Summertime and the Driving is Easy – or is it At first glance, summer might seem like the safer season for driving. After all, you don’t have to contend with snow, ice, poor visibility and shortened daylight hours. But in actuality, summer is the most dangerous month for driving.
In fact, if you thought summer driving was easier, you’re not alone. In a recent survey conducted by the University of Minnesota’s Center for Excellence in Rural Safety (CERS) showed that 83 percent of people believe winter is “the most dangerous season to be driving on rural roadways.” Only 8 percent said summer was the more dangerous driving period.
This common misconception, that winter is the most dangerous season to drive, could also be part of the problem – leaving drivers with a false sense of security that could lead to a more laissez faire attitude behind the wheel. As it turns out, according to the National Highway Traffic Safety Administration (NHTSA) car crashes peak during summer months, most especially in July and August, where nearly twice as many people die in car crashes than the rest of the months of the year combined.
Why is summer more dangerous?
You could just say it all boils down to more – more traffic, more heat, more distractions, more teens, more bikes, more hours in the day and more construction. Here’s a little more detail on all that more.
Summer vacations = increased travel traffic on unfamiliar roads
Fresh out of school and looking for fun, more teens hit the roads in the summer
Hot summer weather can do a number on your tires and your engine leading to blowouts and engine overheatsbr
High temps and jam packed traffic can lead to impatient drivers and increased road rage
Summer’s good weather often means a spike in road construction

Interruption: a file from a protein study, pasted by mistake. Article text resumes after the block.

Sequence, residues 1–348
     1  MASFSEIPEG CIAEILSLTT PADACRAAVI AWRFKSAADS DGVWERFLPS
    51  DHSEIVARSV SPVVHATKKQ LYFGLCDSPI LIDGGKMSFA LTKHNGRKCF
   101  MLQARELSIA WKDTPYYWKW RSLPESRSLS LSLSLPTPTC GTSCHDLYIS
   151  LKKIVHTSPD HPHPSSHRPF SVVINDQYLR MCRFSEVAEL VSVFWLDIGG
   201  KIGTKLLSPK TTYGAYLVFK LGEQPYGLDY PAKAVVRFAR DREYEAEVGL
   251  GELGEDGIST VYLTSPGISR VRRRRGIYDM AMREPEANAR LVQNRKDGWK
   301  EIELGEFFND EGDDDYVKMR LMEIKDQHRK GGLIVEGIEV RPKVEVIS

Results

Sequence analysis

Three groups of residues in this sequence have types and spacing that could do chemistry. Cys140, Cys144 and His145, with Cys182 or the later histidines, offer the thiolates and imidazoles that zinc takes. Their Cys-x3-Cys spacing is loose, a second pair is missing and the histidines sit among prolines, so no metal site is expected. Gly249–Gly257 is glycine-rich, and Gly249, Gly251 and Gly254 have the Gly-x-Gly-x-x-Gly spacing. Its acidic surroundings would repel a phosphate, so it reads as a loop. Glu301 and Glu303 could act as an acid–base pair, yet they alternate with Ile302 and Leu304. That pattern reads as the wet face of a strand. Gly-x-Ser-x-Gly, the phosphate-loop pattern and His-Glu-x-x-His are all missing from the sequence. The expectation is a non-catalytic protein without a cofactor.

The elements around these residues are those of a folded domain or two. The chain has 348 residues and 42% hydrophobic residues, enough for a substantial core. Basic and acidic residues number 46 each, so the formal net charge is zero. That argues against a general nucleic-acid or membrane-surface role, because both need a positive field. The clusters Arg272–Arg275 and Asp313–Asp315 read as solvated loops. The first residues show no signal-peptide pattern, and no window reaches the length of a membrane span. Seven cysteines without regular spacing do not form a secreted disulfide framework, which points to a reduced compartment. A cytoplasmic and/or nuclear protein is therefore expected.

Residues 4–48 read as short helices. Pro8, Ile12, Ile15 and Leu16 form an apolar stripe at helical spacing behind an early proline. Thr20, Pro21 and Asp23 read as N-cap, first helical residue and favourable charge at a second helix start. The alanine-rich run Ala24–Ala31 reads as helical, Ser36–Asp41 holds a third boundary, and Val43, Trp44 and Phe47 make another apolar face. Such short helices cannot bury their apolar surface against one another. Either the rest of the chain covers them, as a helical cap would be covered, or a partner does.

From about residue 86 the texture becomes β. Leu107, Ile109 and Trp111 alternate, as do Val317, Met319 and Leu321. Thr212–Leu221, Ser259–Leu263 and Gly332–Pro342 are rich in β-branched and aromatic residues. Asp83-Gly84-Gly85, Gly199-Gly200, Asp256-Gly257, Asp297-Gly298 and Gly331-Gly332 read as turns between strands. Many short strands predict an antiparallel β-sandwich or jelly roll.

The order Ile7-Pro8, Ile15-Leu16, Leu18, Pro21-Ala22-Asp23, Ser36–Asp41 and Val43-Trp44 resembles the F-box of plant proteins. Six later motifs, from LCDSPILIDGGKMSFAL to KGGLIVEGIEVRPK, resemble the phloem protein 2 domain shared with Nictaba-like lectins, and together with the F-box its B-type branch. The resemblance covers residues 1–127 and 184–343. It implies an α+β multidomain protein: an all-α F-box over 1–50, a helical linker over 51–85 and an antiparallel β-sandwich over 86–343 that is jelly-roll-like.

More bicyclists and motorcycles on the road
Longer days means more hours of people on the road
What you can do to beat the dangers on the street
Chill-out: According to the AAA Foundation for Traffic Safety, aggressive driving is a factor in 56% of fatal crashes. Impatience is at the root of this aggressive driving which includes behaviors such as tailgating, speeding, swerving in and out of lanes, failure to use turn signals, illegal passing (such as on the shoulder), running red lights and disregarding other traffic safety devices. Read our tips on How to Avoid Getting Angry on the Road.
Eliminate distractions: This means laying down ground rules for passengers that keep them from distracting your attention from the road, as well as turning off cell phones, turning down your tunes, not letting animals move freely about the vehicle, and refraining from eating or grooming while driving. Our post on Saying “No” to Distracted Driving can give you some simple tips to make this road trip a safe one.
Teen education: Common negligent behavior includes not wearing a seatbelt, texting while driving, and breaking state laws regarding passenger restrictions for teens. Make sure your teen is well-acquainted with MN passenger restrictions and that you’ve brushed up on what you (and they) can do to keep your teen driver summer safe by reading our post Summer is the Most Dangerous Season for Teen Drivers.
Pump up your jam by pumping up your tires, checking fluids, and inspecting things like car batteries, lights, brakes, wiper blades and replenishing your car’s trunk safety kit before hitting the roadways this summer. Forgot that spring vehicle check? It’s never too late.
Plan ahead for safety by checking your trip route ahead of time with CERS new version of their interactive Web site. This Google Maps-based system where users can find information on highway fatalities nationwide, lets users enter an address and see all of the deadly crashes that have occurred in the region in the past eight years. Want to go on one of the Best Minnesota Summer Road trips? Check out our mini-guide.
Practice bike safety: If you’re a bicyclist it’s a good idea to get familiar with the best ways to keep yourself safe on packed summer roads. Whether you’re driving a car or pedaling your way in the hot summer sun, you can’t go wrong with these Rules of the Road. And remember, it pays to Create an Emergency Kit for your Bike, just in case.
With a little planning and vigilance, your summer road trip could be the stuff memories are made of.